Several Californians have sued electric scooter companies Bird and Lime, alleging that the startups have been negligent and are responsible for physical injuries or blocking of handicapped parking spaces.
The proposed class-action lawsuit, Borgia et al. v. Bird Rides Inc. et al., which was filed last Friday in Los Angeles county court, raises a question that has been at the heart of this ever-expanding business model: who is responsible for making sure that riders obey not only existing traffic laws but company policies as well? And if anyone gets hurt by the scooter, who pays?
While previous lawsuits have alleged the companies are liable for scooter-related injuries, this lawsuit appears to be the first proposed class-action suit.
Catherine Lerer, a Santa Monica personal injury attorney representing these plaintiffs, told Ars that, since the lawsuit was filed, her phones have been "ringing nonstop" by people injured via scooter from around the country.
She said that the user agreements that Lime and Bird users consent to essentially absolve the companies of any responsibilities in the event of injury.
"Under the draconian user agreements, riders who download it—nobody reads it. And the Lime user agreement is 261 cell phone pages; Bird is 58 pages—not one rider I've ever spoken to, not one ever reads [them]. They click whatever they're supposed to click," she said.
"Those user agreements preclude an injury victim from suing Bird for negligence, for gross negligence, [and] for any injuries. [Any one of these agreements] precludes class-action lawsuits—basically the rider gives up all rights. That's not right. A car rental company would not get away with that, and an auto manufacturer could not get away with that."
The lawsuit also names Xiaomi, a Chinese scooter manufacturer, as a defendant.
Back in April 2018, the city attorney of San Francisco sent three cease-and-desist letters to three electric-scooter companies, telling them to cease operations as the city re-evaluated a new permitting regime.
Bird, which was founded in Santa Monica just last year, has since expanded to numerous cities across the Golden State as well as cities in Oregon, Arizona, Utah, Colorado, Missouri, and more. Similarly, Lime also exists in many localities nationwide, including New York, Wisconsin, and Louisiana, among others.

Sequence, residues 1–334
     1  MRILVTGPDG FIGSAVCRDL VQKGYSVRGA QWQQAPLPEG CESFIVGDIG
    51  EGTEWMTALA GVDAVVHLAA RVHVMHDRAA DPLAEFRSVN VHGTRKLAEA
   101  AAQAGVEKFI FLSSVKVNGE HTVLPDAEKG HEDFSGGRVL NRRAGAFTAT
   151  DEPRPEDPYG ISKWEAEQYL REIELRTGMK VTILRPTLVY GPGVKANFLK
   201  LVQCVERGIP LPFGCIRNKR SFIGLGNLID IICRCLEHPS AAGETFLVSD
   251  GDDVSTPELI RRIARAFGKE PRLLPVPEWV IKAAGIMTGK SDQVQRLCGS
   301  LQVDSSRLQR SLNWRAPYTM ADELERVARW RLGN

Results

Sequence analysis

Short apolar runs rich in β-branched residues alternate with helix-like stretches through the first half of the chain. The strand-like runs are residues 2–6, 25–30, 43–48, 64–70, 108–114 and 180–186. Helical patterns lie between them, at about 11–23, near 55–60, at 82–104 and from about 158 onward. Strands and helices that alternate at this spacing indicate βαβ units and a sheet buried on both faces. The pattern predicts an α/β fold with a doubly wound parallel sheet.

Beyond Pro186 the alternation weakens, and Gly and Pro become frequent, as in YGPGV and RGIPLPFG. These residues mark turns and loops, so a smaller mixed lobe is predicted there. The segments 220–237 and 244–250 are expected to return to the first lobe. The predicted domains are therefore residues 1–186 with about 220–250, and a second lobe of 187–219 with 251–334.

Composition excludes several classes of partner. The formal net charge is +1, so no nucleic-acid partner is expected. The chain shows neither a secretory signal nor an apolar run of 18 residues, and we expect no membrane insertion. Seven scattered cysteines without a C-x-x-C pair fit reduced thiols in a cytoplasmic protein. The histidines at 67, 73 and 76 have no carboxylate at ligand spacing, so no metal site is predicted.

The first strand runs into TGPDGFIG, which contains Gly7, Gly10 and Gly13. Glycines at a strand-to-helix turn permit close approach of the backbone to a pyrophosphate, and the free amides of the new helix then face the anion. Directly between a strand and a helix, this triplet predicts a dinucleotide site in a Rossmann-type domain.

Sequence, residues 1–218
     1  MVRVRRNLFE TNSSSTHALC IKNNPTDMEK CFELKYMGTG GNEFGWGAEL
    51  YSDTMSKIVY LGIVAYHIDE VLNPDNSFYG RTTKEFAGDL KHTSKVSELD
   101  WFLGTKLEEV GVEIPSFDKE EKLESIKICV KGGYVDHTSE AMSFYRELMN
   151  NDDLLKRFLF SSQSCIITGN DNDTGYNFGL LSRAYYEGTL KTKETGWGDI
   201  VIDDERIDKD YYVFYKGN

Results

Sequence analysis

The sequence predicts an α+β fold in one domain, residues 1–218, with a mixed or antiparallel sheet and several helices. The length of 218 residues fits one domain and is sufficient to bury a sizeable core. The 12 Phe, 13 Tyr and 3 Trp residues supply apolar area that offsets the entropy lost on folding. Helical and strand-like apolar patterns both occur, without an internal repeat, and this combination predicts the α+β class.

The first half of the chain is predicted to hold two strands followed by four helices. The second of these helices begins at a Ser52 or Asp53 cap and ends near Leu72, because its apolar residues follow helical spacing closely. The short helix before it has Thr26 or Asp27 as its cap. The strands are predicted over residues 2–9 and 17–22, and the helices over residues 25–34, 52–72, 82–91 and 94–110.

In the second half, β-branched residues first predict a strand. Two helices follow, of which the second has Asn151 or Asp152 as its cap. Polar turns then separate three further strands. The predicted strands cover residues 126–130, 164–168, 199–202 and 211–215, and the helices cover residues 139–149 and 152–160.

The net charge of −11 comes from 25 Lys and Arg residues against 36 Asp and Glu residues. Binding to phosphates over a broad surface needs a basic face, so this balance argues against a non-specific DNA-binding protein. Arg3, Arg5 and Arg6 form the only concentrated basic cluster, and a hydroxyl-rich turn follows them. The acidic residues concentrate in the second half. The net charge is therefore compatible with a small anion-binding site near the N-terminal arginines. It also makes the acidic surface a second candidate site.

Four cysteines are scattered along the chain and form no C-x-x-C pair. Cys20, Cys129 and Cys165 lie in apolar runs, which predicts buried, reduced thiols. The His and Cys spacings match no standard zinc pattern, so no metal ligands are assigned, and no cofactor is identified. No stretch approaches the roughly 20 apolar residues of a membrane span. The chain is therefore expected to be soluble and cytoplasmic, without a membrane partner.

The two companies operate on essentially the same business model: download the app, pay $1 to start a scooter rental, and then pay $0.15 – $0.20 per minute after that. Companies make users swear that they will abide by numerous policies, such as being over 18, wearing helmets, only riding in bike lanes, and not blocking public pathways. But such rules are routinely flouted.
"Lime is not responsible for enforcing the law," Joe Arellano, a Lime spokesman, emailed Ars in August 2018. "However, it is our responsibility to fully educate our riders and the community at large about existing laws related to riding a shared electric scooter. That is why we instruct our users on the rules dealing with safe riding and proper parking, and [we] provide free helmets."
This reporter is an occasional Lime and Bird rider who has never worn a helmet while riding, and he has only seen a tiny fraction of riders doing so in the Bay Area and Santa Monica. Lime has never provided him with a helmet.
In many cities where such scooters exist, workers come overnight to place scooters in a neat row at certain street corners, almost magically. However, by days end, they are strewn about and sometimes knocked over.
One of the plaintiffs in the new lawsuit, Tina Ogata, says that she "tripped over three Lime Scooters that were left on the sidewalk," resulting in a broken left wrist and ring finger. Other co-plaintiffs allege similar injuries.
“Aiding and abetting”
In some cities like Oakland, scooters are also routinely thrown in nearby bodies of water in protest. Arellano, the Lime spokesman, told Ars by email that the company had pulled 56 scooters to date from Lake Merritt, a small lagoon in downtown Oakland.
"We have also retrieved SKIP and Bird scooters a handful of times, as well," he wrote. "Every time we see a scooter, regardless of operator, our team is instructed to grab it."
The lawsuit notes that scooters have been thrown into "trashcans, dumpsters, the Venice Canals, and the Pacific Ocean, in addition to lighting the scooters on fire (which, due to their batteries, can cause explosions) and burying them in the sand of California's beaches."
Ars emailed both companies to specifically ask if this was the first negligence-related lawsuit they have faced and what responsibility the companies feel about leaving scooters anywhere. They did not respond directly to our questions.
In a statement, Rachel Katz, a spokeswoman for Bird, wrote that "attorneys with a real interest in improving transportation safety should be focused on reducing the 40,000 deaths caused by cars every year in the United States."
She continued, noting that "shared e-scooters are already replacing millions of short car trips and the pollution that comes with them." When Ars asked Katz to provide a source for that statistic on Tuesday morning, she did not respond.
Cities nationwide are now trying to figure out how best to manage these new scooters.
Lerer also noted that there's an easy way to manage how the scooters are parked: impose stricter geofencing and penalize riders who disobey those rules. For example, she noted, scooters where she lives (Santa Monica) are routinely deposited near middle schools and the city's high school after having been charged.
"You have to be 18 to ride these things," she said. "Why are they allowing their chargers to place them in front of the middle and high schools? They're aiding and abetting the assault on pedestrians."